More waters, a little more smear of meconium and the advice was firm - the best thing to do was to stay in the Midwife Lead Centre. We were given lots of time to think through the options. Every thought was in comparison to 2009: 46 hours, being largely ignored, sterile and stressful situation and now diagnosed mental illnesses but it felt different.

A few weeks ago I sent an email to the Consultant Midwife, Christine. Kate's contact with the GP surgery and midwife had been somewhat hit-and-miss during her pregnancy and I wanted some assurance that the errors made in 2009 weren't repeated. Christine phoned Kate post haste and wrote some powerful words that became stapled to the front of Kate's hospital notes. It was imperative that Kate had the choices communicated to her and that she was allowed to choose. That was key to keeping the anxiety under control and in turn the labour short and baby in minimal distress. These words were read by every Midwife before caring for us and you could tell. Every option at every point was explained in detail.

We were offered the "Winter Room", which was only a "temporary" room but was decorated like a hotel room. Hidden away in the cupboards were a soft bed, baby resuscitation chamber (yes, exactly as it sounds), drugs, spare linenware and a spare pop-up nurse. This became our base of operations to support a number of sorties deep into the hospital. Kate believe (correctly, it turned out) that moving about was key to keeping the labor going so we took three long walks through the hospital where she would pause every so often to have an ever deepening contaction.

While resting between walks, we were visited by the Midwife in charge of the unit who explained that the Rushey ward was now closed as two other women had noisily entered labour. Their screams echoed pieced the walls for the next hour. This news sent Kate into anxiety mode. It was not advisable to give birth in Winter Room because it didn't have a bath (only an en suite wet room loo and shower) but we were welcome to stay until someone more progressed with labor needed it. It felt like last time. It felt like we were being sidelined.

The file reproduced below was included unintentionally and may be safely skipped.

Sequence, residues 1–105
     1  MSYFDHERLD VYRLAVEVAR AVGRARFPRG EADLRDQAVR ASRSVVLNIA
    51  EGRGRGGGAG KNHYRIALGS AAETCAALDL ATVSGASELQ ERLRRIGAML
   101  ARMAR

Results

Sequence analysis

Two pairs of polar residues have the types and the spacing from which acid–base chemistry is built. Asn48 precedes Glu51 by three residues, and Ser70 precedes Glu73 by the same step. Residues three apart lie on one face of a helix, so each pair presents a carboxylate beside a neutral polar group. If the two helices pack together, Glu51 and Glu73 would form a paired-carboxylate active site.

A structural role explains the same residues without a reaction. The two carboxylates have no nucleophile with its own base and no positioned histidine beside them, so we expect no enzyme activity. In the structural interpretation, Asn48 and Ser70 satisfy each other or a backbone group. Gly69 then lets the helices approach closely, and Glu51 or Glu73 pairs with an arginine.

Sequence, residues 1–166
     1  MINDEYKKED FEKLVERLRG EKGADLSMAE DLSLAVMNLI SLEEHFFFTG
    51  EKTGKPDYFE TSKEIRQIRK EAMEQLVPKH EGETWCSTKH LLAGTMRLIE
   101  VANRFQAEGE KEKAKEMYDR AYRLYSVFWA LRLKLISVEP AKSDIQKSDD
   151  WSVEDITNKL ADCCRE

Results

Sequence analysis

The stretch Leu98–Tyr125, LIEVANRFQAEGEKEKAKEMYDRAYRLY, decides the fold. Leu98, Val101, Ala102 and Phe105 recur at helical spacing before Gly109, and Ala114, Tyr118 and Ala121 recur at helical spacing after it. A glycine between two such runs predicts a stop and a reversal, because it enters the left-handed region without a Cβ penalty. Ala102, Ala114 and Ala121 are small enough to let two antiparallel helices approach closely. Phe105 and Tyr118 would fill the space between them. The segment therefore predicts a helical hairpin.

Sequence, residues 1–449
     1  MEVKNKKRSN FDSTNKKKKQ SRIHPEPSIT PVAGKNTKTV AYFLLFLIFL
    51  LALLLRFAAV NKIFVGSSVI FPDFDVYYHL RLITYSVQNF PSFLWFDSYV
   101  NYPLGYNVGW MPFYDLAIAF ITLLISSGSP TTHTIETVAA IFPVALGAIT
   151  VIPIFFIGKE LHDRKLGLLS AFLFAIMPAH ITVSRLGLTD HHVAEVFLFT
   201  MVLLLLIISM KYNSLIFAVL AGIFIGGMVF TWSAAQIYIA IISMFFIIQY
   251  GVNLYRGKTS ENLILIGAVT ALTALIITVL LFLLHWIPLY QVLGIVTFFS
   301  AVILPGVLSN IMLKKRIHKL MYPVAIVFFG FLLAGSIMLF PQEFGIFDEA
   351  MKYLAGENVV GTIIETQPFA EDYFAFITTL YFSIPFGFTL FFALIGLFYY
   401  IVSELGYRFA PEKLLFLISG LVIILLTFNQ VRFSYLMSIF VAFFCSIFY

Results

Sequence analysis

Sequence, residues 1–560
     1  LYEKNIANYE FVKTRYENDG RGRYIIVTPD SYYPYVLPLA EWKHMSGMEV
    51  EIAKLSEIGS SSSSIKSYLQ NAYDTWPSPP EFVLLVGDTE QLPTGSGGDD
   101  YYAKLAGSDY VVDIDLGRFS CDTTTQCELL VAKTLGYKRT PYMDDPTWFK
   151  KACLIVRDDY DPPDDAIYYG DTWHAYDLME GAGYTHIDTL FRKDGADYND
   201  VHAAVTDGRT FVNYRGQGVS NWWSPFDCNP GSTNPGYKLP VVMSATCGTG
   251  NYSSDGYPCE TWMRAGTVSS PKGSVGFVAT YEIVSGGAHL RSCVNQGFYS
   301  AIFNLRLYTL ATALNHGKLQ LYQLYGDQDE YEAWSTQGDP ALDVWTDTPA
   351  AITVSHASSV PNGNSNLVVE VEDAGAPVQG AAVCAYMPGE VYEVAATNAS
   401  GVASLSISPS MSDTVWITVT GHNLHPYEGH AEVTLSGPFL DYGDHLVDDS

Another knock at the door and a middle aged midwife with considerable gravitas came in. It was Christine, the consultant midwife. She had come in, at first, to check that her instructions were being followed - which they were. She then went on to explain that we might have to be moved to the doctor run delivery suite downstairs. She allayed some of our fears; the monitoring system downstairs was wireless and allowed the mother to move around and they had decorated there. The reason was simple: not enough midwives to staff Rushey as well as the delivery suites and the delivery suites took precedence. Having Christine explain it made all the difference and I think we accepted our fate; this wasn't like last time.